John Hughes, the writer and director whose string of classic '80s comedies essentially defined the genre for decades, has died at the age of 59.
The cause was a heart attack, which he suffered taking a walk on Thursday morning (August 6) during a trip to New York, according to Variety.
Writing for talent like Chevy Chase and Michael Keaton, Hughes had early hits with "Mr. Mom" and the first of the National Lampoon "Vacation" movies. His 1984 directorial debut, "Sixteen Candles," and his follow-up the next year, "The Breakfast Club," were instrumental in launching the pop-culture phenomenon known as the Brat Pack. Actors like Molly Ringwald, Judd Nelson, Ally Sheedy, Emilio Estevez and Anthony Michael Hall became some of the biggest names in Hollywood thanks to Hughes' brand of youth-oriented entertainment.
Over the next several years, Hughes wrote and/or directed "Weird Science," "Ferris Bueller's Day Off," "Pretty in Pink" and "Planes, Trains & Automobiles" — all undeniable '80s classics. Throughout the decade, he worked with actors and comedians like Matthew Broderick, Steve Martin, Robert Downey Jr., Kevin Bacon, John Candy and Alec Baldwin.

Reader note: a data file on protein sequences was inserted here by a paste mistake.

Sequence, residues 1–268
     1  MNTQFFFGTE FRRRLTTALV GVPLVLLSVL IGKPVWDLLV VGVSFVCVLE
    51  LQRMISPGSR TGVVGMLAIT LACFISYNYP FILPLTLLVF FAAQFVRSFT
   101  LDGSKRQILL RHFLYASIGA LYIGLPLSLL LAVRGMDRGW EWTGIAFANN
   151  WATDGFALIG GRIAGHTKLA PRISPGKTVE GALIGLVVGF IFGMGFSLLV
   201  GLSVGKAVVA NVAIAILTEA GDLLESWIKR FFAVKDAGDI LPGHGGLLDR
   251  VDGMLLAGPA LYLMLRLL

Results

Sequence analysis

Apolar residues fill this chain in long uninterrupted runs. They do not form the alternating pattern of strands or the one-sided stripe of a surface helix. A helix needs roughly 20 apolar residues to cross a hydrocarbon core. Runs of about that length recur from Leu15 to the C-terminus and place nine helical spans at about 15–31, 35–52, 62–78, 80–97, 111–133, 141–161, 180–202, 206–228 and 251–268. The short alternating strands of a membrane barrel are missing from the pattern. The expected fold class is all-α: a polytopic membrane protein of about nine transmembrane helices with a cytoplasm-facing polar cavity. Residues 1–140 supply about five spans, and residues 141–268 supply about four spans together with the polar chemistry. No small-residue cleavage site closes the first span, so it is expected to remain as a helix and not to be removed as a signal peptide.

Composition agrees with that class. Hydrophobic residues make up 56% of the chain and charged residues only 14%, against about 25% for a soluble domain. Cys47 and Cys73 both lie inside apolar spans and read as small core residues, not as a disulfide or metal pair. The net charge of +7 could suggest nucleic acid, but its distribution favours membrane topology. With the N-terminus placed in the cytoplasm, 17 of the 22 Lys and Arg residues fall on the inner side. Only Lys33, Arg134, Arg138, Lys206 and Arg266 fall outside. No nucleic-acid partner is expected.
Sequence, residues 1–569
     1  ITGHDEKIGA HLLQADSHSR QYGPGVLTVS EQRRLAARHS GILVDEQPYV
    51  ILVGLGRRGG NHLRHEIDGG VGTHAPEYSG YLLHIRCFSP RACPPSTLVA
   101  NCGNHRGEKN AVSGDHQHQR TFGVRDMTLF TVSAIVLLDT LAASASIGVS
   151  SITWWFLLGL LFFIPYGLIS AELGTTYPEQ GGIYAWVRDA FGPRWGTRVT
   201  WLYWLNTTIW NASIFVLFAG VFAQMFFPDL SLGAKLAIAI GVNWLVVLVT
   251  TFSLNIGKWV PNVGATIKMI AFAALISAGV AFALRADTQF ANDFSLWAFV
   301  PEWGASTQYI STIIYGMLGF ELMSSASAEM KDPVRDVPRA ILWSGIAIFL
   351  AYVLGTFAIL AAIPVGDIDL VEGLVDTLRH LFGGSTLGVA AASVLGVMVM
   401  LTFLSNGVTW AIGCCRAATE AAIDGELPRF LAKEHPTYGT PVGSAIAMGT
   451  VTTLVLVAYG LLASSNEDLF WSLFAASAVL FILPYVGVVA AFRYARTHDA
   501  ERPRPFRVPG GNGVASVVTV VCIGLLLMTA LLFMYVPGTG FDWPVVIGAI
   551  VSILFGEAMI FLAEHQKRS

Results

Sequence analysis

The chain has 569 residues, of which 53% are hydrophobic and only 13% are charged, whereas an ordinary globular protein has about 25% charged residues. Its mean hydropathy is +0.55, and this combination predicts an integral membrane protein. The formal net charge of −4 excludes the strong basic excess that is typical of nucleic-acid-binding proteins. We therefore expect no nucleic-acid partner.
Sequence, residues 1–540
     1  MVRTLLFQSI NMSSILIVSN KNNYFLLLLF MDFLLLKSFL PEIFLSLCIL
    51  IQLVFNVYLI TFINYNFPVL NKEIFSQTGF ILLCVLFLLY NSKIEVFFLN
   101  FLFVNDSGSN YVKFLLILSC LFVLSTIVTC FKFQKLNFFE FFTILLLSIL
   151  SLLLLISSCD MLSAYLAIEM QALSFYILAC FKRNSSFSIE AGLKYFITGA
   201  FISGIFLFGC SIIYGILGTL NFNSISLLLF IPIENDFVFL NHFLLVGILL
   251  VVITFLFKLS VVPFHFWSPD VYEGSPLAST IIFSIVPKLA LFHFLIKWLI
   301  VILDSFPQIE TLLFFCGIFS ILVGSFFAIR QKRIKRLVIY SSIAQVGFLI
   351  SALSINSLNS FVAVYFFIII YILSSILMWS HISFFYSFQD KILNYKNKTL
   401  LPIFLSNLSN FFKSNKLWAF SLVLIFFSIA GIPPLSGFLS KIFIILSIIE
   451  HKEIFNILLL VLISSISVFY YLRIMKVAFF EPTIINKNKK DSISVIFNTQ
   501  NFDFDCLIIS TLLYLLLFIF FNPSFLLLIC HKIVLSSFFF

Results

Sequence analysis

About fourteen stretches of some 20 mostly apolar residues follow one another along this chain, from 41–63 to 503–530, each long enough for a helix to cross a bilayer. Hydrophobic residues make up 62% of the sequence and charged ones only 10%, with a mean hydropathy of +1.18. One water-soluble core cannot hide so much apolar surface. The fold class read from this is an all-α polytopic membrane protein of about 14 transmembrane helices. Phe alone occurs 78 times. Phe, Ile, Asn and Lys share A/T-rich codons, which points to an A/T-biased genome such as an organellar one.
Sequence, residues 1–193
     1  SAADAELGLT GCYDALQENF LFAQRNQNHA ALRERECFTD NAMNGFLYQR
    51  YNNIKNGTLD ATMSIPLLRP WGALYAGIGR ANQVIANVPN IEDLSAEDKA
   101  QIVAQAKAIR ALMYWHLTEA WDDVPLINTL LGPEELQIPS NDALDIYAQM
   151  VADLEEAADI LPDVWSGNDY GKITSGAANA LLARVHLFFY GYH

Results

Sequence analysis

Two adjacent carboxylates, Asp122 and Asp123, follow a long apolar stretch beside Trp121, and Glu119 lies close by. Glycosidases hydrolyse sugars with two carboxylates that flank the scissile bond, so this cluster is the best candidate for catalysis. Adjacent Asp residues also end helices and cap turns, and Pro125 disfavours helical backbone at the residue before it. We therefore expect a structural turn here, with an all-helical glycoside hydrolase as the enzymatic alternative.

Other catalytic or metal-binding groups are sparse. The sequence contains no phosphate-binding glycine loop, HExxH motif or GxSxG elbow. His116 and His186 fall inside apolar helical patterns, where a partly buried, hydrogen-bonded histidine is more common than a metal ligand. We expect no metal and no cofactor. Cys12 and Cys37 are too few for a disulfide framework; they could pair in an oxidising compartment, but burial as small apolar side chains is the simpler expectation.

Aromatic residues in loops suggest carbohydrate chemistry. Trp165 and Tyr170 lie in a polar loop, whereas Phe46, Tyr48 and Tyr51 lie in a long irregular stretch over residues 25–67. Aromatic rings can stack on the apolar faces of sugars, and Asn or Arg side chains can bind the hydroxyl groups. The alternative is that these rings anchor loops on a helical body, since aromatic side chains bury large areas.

Hughes would only direct one more film, 1991's "Curly Sue," choosing instead to concentrate on his career as a screenwriter. In 1990, he wrote "Home Alone," the Macaulay Culkin film that grossed more than $285 million domestically. He went on to script two other "Alone" films and continued to pump out family-focused fare like the "Beethoven" movies, "Miracle on 34th Street" and "101 Dalmatians."
In the mid-'90s, though, Hughes retreated from Hollywood, moving to Illinois and largely declining to give interviews.
According to Variety, Hughes was born February 18, 1950, in Michigan and is survived by his wife of 39 years, Nancy; two sons, John and James; and four grandchildren.